Recruiting a new employee is usually time-consuming activity. Sometimes it’s also expensive and somewhat complicated. Therefore it’s even more important to understand that the recruitment of a new employee does not end with signing the employment contract. In order to have mutually satisfying new employment relationship, it is important to provide systematic support to the new employee, especially during the first months of employment – this is possible by implementing a well-planned onboarding program.
What is onboarding?
Onboarding is supporting a new employee in a way that ensures the employee’s self-confidence and independence, which in turn improves job satisfaction, productivity and efficiency. During the onboarding program, new employee will receive all the tools needed for the job, but also a thorough overview of his or her role and goals, the organization’s background and expectations, work culture and relationships. Regular feedback also plays an important role in the thorough information exchange. Through feedback new employee receives confirmation of his or her ability to cope, but also, if necessary, guidance and help to getting on the right track.
Why is onboarding program necessary?
Onboarding program is necessary for a number of reasons, starting from the fact that a thorough exchange of information decreases the time to get to know a new role and organization. This way, the new employee reaches his or her potential faster, and productivity, commitment and desire to continue in the organization increases. The decrease in the probability of leaving, in turn, means cost savings, as there is no need to replace the employee and recruit again. There is also positive effect on the employer’s brand – an employee who has had a good experience of onboarding also shares this experience in his or her acquaintance circle, which makes it easier to recruit new employees in the future.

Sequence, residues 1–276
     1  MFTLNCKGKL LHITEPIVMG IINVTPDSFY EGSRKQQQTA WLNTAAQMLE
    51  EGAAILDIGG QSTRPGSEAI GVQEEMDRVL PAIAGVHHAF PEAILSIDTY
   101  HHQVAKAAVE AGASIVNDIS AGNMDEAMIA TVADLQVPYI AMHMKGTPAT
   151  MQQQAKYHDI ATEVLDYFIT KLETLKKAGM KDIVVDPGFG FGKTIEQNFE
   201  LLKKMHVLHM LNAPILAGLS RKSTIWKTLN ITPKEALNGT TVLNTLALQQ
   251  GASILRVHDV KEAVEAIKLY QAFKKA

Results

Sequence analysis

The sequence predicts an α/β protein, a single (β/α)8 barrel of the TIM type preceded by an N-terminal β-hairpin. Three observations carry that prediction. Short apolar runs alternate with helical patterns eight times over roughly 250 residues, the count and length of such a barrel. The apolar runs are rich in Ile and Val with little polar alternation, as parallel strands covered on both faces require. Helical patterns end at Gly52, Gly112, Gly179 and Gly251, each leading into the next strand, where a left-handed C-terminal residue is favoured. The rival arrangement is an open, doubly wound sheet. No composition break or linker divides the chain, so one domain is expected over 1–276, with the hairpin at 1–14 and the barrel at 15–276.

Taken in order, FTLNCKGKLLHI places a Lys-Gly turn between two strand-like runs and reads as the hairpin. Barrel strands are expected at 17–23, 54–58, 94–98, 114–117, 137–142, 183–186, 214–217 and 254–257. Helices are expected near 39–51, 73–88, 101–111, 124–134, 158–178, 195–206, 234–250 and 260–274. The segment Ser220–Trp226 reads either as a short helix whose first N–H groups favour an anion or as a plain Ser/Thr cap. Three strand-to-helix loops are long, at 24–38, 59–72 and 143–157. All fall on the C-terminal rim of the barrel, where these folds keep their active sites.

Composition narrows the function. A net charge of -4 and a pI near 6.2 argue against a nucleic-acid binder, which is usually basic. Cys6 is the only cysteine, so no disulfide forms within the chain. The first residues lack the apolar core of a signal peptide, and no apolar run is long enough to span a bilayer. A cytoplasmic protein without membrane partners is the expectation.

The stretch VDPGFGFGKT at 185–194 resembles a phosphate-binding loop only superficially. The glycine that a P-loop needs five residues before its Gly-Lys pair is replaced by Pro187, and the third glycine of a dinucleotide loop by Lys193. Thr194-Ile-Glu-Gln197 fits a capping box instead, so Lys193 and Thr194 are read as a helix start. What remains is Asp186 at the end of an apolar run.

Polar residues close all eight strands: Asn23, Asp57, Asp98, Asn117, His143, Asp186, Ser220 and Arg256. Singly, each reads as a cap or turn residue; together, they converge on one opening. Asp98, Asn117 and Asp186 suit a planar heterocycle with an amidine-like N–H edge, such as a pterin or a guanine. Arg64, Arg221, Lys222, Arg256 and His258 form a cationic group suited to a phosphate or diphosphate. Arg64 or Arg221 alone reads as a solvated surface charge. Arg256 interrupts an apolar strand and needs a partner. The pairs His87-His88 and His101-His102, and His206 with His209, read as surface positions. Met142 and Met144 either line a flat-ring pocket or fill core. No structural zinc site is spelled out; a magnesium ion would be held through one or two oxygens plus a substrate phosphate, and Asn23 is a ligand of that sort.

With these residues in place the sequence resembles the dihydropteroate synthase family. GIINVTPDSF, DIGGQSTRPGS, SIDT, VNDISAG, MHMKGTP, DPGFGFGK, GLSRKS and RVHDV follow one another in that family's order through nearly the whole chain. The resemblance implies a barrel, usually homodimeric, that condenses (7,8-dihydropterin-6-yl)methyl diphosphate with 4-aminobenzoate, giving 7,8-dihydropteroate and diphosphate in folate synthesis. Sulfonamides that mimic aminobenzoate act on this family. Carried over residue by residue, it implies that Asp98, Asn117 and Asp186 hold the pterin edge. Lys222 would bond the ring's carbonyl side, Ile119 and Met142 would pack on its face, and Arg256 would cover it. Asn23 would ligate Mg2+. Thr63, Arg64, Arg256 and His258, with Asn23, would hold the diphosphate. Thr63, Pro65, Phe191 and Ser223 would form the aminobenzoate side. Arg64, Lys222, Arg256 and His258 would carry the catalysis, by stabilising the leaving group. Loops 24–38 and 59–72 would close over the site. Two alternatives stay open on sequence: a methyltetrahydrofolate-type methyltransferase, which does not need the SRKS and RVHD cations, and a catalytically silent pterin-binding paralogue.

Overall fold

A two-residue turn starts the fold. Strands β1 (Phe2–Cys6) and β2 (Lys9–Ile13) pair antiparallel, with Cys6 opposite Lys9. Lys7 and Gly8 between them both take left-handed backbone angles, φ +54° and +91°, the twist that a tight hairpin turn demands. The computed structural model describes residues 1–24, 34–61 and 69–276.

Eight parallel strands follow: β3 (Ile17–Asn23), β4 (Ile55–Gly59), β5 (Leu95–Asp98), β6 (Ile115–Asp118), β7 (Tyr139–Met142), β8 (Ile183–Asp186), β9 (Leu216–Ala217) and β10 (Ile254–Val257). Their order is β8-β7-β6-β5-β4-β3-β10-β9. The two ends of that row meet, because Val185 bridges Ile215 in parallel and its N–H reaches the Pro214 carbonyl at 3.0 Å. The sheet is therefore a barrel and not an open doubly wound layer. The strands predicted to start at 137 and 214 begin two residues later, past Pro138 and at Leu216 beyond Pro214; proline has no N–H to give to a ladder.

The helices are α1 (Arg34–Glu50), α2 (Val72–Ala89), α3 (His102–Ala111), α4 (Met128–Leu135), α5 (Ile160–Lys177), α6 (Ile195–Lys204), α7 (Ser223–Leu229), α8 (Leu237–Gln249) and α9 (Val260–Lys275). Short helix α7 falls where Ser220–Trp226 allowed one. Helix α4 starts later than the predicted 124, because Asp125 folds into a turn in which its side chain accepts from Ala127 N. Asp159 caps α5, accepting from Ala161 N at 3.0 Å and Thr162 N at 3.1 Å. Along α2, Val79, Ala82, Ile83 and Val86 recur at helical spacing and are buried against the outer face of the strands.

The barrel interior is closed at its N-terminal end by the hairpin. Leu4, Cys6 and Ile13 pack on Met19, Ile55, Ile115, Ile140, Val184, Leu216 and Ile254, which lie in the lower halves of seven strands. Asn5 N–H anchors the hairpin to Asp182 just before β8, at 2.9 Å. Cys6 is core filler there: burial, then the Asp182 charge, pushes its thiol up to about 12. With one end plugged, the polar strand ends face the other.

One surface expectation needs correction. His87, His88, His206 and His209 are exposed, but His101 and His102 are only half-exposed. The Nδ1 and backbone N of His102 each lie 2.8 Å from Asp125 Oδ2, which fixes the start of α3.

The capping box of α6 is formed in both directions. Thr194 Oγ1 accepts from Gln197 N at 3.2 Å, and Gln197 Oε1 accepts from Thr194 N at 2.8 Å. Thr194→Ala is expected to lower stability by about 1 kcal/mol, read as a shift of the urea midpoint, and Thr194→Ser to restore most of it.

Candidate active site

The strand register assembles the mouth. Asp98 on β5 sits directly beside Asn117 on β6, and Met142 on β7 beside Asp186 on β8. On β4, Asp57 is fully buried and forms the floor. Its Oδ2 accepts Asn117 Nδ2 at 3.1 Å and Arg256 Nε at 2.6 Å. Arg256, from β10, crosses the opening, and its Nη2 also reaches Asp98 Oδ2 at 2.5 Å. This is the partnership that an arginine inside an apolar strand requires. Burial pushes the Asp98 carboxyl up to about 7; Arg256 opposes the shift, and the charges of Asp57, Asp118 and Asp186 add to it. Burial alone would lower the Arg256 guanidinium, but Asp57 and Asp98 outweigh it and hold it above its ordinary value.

How does the onboarding program work?
The onboarding program starts as soon as the selected candidate accepts the job offer. A number of administrative preparations are required before the first working day. However, larger and more substantial activities start from the first working day of the new employee. Onboarding ends when the employee and his or her manager feel that the employee is able to function independently as expected. Depending on the role, this can take 3-4 months to one year, but the first four months are most critical. The most important topics that should be focused on in the onboarding program are: (1) administrative preparations and activities, (2) the role and goals of the employee, (3) the background and expectations of the organization, and (4) work culture and team relations. The direct manager is usually responsible for conducting onboarding, but other team members directly working with the new employee are often also involved.
Each organization can design its own onboarding program according to the specifics of its recruited roles. If necessary, however, professional service providers may help to create an action plan and support implementing it when used for the first time. If you feel that you need help with developing an onboarding program for the first time or implementing it as a new manager for the first time, contact us – we will create an onboarding program for your new employee and support you in its delivery.